Intercultural libraries aim to help immigrants adapt to life in Germany. The library in Duisburg offers children a wide range of multilingual media, which other interested groups can also use.
Seven-year old Nebi proudly carries his catch to the library's checkout counter - a German book about ships and a Turkish one about the adventures of the Anatolian boy Keloglan. "He's funny," says Nebi. "And he doesn't even have hair." His father, Hüseyin Coktas, laughs. "The bald-headed Keloglan was also a hero for me during my childhood," he says.
Every Sunday, Hüseyin Coktas comes to the Duisburg City Library with both of his children. Like many of the city's residents, the Coktas family is Turkish. For Hüseyin, it's important that his children understand the differences between the German and Turkish cultures. That includes CDs with Turkish children's songs, and when the children watch movies like Pirates of the Caribbean, they watch them in Turkish.
Many immigrants live in Duisburg
With its intercultural library, the City of Duisburg reaches out to immigrants to help them find their way around Germany's information and knowledge-based society. But not only children and their parents take advantage of the library's multilingual media. Kindergarten teachers, who have immigrant children in their classrooms, also use the library's resources for early childhood education; for instance, for explaining the difference between the Christian Easter and the Muslim Eid-ul-Fitr (Festival of Fast Breaking). Schools, too, check out books from the library's foreign-language department.
Duisburg is a city markedly shaped by industry. Since the 1960s, local coal mining and steel manufacturing companies have recruited workers from Southern and Eastern Europe as well as Turkey. Today, about one third of the city's 500,000 residents have an immigrant background. Since 1974, the City Library has been sending a converted bus full of multilingual media to tour city districts. In 2011, it opened its International Children's Library within the main library.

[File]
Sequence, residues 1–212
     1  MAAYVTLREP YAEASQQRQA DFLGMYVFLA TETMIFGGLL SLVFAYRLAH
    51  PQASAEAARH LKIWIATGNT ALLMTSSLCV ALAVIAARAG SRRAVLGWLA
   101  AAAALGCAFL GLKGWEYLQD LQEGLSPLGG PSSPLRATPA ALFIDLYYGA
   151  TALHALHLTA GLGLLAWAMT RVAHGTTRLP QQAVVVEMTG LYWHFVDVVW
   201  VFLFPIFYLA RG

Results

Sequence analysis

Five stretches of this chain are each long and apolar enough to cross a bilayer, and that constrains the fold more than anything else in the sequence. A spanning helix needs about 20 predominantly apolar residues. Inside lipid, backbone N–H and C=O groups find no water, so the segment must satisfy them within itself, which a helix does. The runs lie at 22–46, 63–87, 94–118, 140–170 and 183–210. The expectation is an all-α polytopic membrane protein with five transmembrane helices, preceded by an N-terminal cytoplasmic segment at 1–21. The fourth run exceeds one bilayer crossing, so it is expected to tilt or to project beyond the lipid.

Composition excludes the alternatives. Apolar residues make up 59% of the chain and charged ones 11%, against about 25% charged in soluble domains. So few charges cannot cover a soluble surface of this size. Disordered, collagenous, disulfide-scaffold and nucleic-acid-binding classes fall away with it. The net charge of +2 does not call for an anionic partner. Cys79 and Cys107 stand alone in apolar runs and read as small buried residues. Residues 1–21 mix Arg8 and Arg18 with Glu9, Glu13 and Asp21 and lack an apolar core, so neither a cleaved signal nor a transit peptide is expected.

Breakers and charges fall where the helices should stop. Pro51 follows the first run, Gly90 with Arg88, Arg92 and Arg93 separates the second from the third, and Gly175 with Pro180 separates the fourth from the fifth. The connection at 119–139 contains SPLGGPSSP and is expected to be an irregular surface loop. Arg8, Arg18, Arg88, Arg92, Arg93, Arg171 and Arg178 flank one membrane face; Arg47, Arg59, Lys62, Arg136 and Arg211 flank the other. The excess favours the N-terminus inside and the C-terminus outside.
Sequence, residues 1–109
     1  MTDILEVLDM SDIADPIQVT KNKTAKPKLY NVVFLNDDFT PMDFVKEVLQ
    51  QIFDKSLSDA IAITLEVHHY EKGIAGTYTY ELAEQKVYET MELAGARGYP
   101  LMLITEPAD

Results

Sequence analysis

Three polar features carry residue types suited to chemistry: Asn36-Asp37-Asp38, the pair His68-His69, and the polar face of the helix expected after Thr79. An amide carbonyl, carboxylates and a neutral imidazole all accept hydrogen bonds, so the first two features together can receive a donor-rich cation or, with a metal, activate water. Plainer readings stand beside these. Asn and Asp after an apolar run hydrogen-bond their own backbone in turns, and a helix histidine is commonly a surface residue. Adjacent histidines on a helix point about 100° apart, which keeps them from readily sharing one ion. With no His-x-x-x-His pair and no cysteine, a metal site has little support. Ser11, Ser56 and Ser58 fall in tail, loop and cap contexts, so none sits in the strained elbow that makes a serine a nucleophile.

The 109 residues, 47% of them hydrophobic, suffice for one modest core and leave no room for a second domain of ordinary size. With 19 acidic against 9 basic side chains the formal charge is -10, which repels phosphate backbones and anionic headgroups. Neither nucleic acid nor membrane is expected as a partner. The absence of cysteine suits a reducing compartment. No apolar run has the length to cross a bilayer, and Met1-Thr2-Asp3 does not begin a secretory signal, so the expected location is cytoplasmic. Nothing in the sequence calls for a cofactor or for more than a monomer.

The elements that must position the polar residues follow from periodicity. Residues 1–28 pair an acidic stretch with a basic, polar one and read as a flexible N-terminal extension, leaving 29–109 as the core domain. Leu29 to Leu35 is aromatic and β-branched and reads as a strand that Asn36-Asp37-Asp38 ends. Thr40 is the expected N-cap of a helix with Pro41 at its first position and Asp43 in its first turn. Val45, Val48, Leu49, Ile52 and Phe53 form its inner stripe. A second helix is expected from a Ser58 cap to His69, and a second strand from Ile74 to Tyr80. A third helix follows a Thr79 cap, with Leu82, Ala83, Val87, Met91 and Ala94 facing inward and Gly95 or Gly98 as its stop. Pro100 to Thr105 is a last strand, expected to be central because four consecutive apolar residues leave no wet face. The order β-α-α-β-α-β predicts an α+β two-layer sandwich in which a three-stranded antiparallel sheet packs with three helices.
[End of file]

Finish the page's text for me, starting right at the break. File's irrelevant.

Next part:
Yilmaz Holtz-Ersahin is in charge of this department, which encompasses 2,000 media. Children's literature in Arabic is currently the most popular. "I would like to purchase much more of that," says Holtz-Ersahin. "But there aren't many bilingual books in this area, and you have to be very careful about the content of the others." Holtz-Ersahin would also like to buy books in Albanian and Romanian, since the number of families from both of these countries is growing.
Not only can children borrow books, movies and CDs; the library also offers them bilingual story hours and theater performances. "These are primarily aimed at Turkish, Greek and French children and their parents," says Holtz-Ersahin. "But often older library visitors take part because they're interested in the language and want to listen to the stories."
Better school grades
The head of the international department is keen to bring together people of different cultures. And he has been so successful in doing so, in fact, that UNESCO has included the Duisburg City Library in its kaleidoscope for preserving and promoting cultural diversity. The kaleidoscope contains, in particular, exemplary projects from various areas of social life in numerous countries. And that is what makes the Duisburg City Library something special in Germany.
Ten-year-old Charlotte, together with her two girlfriends, is sitting comfortably on a sofa between the book shelves. "My father once gave me a book in English about vampires," she says. Since then, she comes regularly to the library to browse through the children's English-language children's literature. Reading in English has had a positive influence on her school grades. Eleven-year-old Laura hopes to do the same in another language. "I have Latin," she says. "I'm looking for a book in Latin because my grade isn't so good, and when I find one, then it will improve."